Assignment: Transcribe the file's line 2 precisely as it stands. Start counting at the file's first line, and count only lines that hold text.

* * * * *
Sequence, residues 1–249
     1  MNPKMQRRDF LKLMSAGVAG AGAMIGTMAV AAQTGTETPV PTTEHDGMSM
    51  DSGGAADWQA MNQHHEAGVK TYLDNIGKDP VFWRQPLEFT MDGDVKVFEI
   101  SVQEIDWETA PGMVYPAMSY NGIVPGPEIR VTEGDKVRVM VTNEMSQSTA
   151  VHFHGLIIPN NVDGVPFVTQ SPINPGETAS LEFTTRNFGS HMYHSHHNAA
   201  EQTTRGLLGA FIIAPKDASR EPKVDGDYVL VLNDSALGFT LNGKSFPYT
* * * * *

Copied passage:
     1  MNPKMQRRDF LKLMSAGVAG AGAMIGTMAV AAQTGTETPV PTTEHDGMSM